The controversy surrounding the FCC's interest in auctioning a nationwide wireless broadband license that would require the winning bidder to offer free broadband services is at the forefront of the news these days. So it's only fitting that I talked to Milo Medin, founder, chairman and CTO of M2Z, the company that started this whole idea back in 2006. The company asked the FCC for 25 megahertz of vacant spectrum in the 2155 MHz to 2175 MHz band to offer free wireless broadband service, and the plan was to repay the FCC for the license by offering the government a cut of revenues. The FCC subsequently dismissed M2Z's request because of the fact it couldn't give away the spectrum, but M2Z has still spent the last two years gearing up for a business like this, lobbying the FCC and working with potential partners to prove out that such a business model can work.
The commission is proposing to combine the 2155 to 2175 MHz band with the 2175 MHz to 2180 MHz band to create a 25-megahertz swath of spectrum that would support a nationwide license. The spectrum is referred to as advanced wireless services-3. Under FCC proposals, the licensee of this band would be required to use up to 25 percent of its network capacity for free, two-way broadband service at data rates of at least 768 kbps downstream. A network-based filtering mechanism would also be required for the free Internet service to protect children and families from obscene content. The winning bidder of the AWS-3 band would also have to offer coverage and service to at least 50 percent of the U.S. population within four years and at least 95 percent of the population by the end of 10 years.
So the first question is: How can a company make money with this type of business model? At a basic level, Medin says the answer lies in low-cost infrastructure and local advertising. On the infrastructure side, M2Z favors a variant of 802.16 that uses smart antennas to provide much higher efficiency than a conventional system. Using technologies like MIMO and beamforming, such a network would need fewer base stations and offer higher capacity, enabling lower costs and faster deployment timeframes.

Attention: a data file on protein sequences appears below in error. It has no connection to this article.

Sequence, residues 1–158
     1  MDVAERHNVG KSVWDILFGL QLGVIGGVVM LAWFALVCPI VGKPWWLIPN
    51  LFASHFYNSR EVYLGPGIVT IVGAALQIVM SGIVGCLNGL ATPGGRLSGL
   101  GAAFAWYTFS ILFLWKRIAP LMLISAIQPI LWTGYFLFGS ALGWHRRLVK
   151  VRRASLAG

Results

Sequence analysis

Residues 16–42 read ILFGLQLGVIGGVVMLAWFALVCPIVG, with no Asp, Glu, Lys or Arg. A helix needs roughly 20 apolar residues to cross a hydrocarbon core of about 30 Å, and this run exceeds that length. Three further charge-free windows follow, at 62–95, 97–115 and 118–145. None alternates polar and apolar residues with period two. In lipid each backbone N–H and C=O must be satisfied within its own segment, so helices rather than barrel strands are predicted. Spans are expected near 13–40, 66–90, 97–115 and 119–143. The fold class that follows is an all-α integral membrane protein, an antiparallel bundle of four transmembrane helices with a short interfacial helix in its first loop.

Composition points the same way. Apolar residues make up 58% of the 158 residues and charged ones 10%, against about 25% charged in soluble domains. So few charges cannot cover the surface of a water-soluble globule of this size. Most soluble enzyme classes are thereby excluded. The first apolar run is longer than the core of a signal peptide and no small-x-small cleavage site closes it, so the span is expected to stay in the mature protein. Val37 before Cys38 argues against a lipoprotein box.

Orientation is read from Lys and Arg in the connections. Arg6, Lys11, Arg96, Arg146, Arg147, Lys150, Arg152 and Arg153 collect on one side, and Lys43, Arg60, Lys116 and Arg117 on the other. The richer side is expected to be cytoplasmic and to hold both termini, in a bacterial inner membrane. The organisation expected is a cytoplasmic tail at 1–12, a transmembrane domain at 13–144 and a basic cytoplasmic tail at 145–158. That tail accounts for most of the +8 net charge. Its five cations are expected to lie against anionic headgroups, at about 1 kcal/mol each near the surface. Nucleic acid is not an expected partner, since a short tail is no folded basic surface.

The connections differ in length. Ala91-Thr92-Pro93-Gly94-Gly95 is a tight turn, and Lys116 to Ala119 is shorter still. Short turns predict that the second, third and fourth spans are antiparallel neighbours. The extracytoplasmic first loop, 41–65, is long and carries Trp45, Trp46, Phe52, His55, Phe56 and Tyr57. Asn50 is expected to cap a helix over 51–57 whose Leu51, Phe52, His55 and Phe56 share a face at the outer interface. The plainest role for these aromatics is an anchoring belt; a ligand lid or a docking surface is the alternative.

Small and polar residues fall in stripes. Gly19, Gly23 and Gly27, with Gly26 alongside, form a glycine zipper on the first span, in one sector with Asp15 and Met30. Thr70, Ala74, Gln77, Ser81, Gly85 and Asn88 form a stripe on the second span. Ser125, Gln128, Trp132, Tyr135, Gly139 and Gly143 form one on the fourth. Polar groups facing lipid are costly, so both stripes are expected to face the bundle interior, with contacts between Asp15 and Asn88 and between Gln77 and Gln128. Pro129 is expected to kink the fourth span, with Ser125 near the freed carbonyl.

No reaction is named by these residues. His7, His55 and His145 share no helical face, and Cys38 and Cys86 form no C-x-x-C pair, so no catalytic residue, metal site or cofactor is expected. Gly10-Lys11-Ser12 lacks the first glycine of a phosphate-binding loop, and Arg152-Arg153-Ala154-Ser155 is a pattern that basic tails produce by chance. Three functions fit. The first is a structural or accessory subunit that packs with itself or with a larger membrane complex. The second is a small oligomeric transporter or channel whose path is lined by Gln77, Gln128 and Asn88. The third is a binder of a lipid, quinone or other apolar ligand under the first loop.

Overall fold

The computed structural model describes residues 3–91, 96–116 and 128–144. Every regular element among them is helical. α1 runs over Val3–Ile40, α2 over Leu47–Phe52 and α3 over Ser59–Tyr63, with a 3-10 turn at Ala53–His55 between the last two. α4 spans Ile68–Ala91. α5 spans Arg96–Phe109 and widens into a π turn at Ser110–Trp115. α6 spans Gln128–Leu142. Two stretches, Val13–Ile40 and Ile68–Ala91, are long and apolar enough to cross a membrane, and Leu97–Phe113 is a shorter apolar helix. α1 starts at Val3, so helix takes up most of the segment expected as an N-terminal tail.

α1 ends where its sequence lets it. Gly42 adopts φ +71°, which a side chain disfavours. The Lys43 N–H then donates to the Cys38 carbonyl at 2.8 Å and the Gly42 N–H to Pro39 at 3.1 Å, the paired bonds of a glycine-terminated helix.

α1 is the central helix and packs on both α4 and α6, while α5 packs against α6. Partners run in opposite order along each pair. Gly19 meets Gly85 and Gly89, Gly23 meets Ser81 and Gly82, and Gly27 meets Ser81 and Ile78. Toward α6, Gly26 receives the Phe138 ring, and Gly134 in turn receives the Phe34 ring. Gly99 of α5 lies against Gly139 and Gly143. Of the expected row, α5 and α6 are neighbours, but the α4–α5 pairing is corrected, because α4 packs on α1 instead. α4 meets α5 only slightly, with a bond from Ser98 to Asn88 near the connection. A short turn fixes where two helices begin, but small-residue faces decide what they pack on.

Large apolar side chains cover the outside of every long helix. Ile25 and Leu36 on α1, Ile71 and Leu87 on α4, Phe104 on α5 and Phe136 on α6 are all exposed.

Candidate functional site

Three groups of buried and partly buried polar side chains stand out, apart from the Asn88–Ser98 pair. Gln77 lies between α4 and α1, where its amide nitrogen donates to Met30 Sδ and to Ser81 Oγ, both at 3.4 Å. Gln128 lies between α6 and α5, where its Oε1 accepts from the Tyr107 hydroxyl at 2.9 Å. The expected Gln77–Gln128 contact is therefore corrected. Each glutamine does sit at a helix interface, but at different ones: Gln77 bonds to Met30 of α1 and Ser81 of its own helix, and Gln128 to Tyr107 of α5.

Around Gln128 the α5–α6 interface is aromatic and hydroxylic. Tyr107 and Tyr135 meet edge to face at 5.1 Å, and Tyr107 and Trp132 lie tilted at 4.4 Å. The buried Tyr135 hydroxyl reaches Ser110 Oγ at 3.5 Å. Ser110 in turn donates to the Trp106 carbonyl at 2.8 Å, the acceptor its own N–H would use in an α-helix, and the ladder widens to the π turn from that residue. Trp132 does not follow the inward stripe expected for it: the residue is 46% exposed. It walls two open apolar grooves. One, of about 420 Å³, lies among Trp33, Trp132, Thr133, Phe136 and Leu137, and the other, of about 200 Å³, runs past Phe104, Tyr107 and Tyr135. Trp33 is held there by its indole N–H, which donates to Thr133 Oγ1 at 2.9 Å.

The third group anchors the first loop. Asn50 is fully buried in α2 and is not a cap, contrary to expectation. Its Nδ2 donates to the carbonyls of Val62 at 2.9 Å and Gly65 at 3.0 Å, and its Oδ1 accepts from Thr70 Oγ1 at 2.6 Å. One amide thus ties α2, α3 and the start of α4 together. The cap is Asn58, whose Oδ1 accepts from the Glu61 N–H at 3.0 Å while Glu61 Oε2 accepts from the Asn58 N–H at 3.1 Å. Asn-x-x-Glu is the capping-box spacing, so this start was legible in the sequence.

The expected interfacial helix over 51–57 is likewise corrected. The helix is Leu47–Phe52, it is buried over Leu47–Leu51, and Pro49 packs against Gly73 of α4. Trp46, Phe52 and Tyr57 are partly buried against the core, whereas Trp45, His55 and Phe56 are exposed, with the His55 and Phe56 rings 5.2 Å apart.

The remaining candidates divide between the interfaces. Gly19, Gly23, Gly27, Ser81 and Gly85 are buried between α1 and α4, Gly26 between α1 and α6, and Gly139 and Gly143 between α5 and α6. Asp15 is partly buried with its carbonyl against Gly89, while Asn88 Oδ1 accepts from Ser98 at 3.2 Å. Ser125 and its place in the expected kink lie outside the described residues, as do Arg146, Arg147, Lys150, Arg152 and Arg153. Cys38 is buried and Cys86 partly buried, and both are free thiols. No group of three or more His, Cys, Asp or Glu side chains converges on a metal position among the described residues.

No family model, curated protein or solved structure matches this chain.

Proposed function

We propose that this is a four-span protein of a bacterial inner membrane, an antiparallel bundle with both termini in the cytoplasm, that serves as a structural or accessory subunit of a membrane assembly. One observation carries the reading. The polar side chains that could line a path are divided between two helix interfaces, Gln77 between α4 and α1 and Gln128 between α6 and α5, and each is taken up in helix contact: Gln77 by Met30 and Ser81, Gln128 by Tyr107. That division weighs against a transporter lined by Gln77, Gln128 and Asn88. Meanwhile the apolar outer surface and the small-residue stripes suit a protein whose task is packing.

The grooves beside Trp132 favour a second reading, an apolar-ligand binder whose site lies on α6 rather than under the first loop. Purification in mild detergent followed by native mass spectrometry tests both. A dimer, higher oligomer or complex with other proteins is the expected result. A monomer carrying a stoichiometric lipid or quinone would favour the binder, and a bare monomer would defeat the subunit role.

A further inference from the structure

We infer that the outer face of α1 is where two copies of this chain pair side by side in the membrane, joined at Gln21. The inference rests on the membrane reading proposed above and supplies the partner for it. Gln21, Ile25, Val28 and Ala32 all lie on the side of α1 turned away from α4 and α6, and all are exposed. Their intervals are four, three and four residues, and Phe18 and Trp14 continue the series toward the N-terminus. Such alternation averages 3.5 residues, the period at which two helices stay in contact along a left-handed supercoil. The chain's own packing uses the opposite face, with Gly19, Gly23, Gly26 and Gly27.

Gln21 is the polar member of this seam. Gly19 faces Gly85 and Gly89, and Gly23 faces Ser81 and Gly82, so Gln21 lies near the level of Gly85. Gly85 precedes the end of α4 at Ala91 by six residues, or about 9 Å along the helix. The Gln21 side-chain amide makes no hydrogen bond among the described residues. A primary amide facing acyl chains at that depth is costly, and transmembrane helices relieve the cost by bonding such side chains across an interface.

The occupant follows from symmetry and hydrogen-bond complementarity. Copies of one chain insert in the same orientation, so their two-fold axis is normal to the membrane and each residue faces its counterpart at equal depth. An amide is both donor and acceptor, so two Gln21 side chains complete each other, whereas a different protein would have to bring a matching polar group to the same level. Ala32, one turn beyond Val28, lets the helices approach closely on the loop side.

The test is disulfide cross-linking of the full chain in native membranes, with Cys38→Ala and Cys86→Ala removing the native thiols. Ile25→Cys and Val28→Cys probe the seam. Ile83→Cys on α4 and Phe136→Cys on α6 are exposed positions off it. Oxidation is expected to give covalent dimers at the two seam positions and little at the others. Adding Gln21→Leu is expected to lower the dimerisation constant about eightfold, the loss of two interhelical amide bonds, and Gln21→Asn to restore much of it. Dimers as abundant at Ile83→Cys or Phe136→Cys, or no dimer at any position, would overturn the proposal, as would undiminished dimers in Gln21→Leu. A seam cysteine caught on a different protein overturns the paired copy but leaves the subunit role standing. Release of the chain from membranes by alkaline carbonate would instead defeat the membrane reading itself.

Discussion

On the business side, Medin says a localized, location-based advertising model can subsidize the free part of the network. "If you look at where Internet advertising is today, there is a a whole class of businesses that don't advertise today because advertising is not location based. There is no point for local businesses to advertise on Google," Medin said. Through such a revenue-sharing model, M2Z is not expecting to lose money on free services, he said. Free services would also help the company gain the volume it needs to push down the cost of modems in order to compete with cable and DSL.
And what about the arguments from companies like T-Mobile and Qualcomm about concerns over interference in the AWS-1 band? Medin says the core technical rules that have always been advocated for AWS-3 are the same rules that were used for the 700 MHz auction. "It's hard to argue that the same rules worked at 700 MHz but don't work in this band," he said.
How about the idea of offering a family friendly free service that filters out pornography? Can the government really do that? Medin says since the service is free and the operator wouldn't be collecting credit-card information or social security numbers, they simply wouldn't know who is at the other end, and the courts seemed to have upheld the notion that restrictions can be put on it. Just look at free broadcast TV, he said.
Operators also argue that it isn't fair the FCC is crafting rules for a certain business model. What does Medin say to that? "Last I looked, the FCC required broadcasters to offer free TV," he said. "Different people have different arguments depending on what side of the equation they are on. Big wireless carriers don't want competition ... All of the different rules in previous auctions with regards to open handsets, buildout requirements etc. are all business models and all have impacts on what is in the public interest."
And finally, obviously M2Z is going to bid on the spectrum right? Medin says yes, but it also depends on whether the FCC deviates from the rules it is proposing. M2Z has been working with technology vendors and potential advertising partners for the past two years preparing for this type of business model. "Whether we or someone else does it, its time has come," Medin said. "There is no better use for this spectrum than this kind of service, and we believe people eventually will recognize that. We've received support from many groups--public interest groups, family groups, education. And we got a very nice letter from the PTA in support of this. Rural carriers support it because they have been disenfranchised by data roaming agreements ... Fundamentally, no one would argue there is adequate competition in the broadband market. It's embarrassing that we have all of these people on dial up, and if no one solves this problem in the private sector, you are going to get direct government intervention."--Lynnette